Even though our next Presidential election is more than a year away, we’re already hearing more and more about it every day.
Candidates are throwing their hats into the ring, and the political claws have come out in razor-sharp fashion as the Presidential hopefuls fight for position in a field full of middle-of-the-road contenders who are all just cannon fodder for the front runners sporting names like Clinton, Obama, Guiliani, and McCain.
Each entrant’s stance on the Iraq War will surely have the greatest impact on who becomes the next leader of the free world, with both a woman and a minority candidate in prime position to make history if they succeed in winning the crown to this political throne.
But where do the disabled stand during all of this? Where do we stand in the minds of these candidates? What role do we play in their campaigns?
Not only do I wonder if any of the issues that directly affects us is being considered, but I wonder if our votes are even being thought of as significant enough to seek out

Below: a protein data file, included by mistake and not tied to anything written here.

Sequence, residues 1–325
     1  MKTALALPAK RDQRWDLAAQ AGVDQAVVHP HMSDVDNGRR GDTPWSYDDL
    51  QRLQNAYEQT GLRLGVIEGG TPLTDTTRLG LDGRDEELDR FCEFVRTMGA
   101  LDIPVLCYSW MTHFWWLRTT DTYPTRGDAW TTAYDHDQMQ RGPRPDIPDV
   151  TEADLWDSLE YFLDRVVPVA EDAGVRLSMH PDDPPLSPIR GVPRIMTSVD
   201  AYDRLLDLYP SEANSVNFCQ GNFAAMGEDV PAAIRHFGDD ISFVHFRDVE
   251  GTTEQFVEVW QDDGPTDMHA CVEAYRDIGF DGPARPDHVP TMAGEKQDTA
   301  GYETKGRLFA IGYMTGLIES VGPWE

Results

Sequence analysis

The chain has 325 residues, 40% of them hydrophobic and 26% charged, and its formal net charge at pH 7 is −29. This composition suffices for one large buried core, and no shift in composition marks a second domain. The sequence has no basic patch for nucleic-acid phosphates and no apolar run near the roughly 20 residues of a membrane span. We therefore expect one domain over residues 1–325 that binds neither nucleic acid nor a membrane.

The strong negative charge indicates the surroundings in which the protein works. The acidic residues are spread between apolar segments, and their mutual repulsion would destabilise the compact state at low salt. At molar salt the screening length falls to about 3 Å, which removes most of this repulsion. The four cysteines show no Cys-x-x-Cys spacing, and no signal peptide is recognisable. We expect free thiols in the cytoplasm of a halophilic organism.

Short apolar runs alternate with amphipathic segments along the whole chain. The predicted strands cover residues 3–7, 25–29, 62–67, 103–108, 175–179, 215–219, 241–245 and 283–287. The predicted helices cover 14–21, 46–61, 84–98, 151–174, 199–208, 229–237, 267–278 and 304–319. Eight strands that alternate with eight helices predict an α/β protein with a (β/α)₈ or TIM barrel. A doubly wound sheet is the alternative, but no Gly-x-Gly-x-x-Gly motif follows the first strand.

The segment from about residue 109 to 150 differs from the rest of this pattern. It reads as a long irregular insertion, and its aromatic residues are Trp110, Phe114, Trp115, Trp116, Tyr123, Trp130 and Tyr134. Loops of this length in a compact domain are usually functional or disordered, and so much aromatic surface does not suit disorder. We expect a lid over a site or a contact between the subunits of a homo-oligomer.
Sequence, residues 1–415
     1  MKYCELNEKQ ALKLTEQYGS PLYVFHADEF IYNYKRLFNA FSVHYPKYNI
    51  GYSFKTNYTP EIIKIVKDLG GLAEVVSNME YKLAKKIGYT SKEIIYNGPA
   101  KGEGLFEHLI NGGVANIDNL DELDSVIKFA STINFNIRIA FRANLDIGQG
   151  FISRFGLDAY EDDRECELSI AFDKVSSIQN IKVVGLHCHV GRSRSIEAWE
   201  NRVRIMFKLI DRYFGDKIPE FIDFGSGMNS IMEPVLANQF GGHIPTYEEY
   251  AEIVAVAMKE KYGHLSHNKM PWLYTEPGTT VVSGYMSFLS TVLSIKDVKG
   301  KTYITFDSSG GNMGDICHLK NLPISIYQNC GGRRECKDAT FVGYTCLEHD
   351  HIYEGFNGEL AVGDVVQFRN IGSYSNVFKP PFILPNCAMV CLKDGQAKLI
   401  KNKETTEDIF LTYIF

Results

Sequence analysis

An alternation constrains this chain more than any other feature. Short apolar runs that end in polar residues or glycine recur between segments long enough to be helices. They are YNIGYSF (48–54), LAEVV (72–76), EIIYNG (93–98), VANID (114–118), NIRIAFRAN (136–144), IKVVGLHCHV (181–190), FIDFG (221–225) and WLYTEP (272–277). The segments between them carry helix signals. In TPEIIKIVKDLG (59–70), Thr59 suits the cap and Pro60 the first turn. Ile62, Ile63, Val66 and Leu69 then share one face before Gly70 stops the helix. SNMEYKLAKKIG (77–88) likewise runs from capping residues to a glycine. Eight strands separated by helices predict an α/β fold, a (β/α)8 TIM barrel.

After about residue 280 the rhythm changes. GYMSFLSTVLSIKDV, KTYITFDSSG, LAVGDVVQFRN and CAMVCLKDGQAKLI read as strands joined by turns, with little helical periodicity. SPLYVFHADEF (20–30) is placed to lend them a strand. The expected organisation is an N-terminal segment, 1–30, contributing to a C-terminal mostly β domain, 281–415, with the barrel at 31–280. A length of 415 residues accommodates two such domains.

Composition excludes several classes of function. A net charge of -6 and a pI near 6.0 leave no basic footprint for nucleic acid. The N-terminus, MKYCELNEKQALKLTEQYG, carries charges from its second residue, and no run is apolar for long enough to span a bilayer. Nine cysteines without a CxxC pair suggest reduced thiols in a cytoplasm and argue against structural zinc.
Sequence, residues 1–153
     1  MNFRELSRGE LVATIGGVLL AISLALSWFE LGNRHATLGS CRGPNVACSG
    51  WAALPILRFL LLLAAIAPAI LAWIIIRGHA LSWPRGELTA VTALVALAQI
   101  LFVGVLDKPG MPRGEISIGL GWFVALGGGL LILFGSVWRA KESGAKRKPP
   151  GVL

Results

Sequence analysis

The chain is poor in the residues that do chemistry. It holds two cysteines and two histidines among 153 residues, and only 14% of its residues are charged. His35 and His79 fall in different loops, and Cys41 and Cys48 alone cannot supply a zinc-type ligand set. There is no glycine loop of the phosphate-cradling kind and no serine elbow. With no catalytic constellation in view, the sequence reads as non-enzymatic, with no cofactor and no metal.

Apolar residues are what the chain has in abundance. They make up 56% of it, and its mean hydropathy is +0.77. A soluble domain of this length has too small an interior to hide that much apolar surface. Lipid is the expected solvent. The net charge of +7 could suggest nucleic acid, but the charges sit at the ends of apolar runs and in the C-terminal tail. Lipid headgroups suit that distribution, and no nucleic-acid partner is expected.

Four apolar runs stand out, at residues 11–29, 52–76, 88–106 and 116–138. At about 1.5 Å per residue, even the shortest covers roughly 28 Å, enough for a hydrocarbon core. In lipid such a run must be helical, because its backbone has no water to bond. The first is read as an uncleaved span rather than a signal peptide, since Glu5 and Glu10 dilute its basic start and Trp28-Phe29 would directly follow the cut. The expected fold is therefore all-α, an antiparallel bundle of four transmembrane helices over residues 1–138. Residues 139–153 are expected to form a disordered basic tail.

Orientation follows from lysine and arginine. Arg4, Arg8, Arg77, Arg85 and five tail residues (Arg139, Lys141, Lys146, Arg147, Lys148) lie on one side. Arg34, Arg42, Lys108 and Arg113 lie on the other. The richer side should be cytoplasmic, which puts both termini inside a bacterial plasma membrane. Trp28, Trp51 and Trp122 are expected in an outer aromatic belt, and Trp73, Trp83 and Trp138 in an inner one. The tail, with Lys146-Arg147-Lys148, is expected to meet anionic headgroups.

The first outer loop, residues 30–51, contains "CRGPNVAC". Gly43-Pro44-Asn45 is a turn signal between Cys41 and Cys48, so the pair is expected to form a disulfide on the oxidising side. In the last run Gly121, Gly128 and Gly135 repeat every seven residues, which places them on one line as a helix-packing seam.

? I have been voting for years, and it makes me feel good to think that my sole voice counts just as much as any other American’s.
Although personally I’ve never wanted to get involved in the political arena, I do want to know that the voice of the disabled will be heard in 2008. I’d like to believe that whoever wins the election understands and appreciates that the disabled community helped elect them, both at the polls and behind the scenes.
I want the next administration to acknowledge how, according to WorldNetDaily.com, the war in Iraq and Afghanistan has resulted in at least 15,000 wounded and injured troops since 2001.
I also want them to address the fact that along with the increasing numbers of disabled vets, the number of soldiers approved for permanent disability retirement has plunged by more than two-thirds. Why are these vets giving life and limb for such a supposedly noble cause being cast aside like yesterday’s leftovers?
So who is looking out for the interests of the disabled? Which of these candidates, who spends most days giving lip service to only the issues the media cares about, is ready to step up to the plate and champion our causes? Who among the disabled community is ready to stand up and shout from the rooftops until our voices are heard?
Two thousand and eight is coming fast, and if we’re going to be heard by the powers that would be, we have to start yelling now.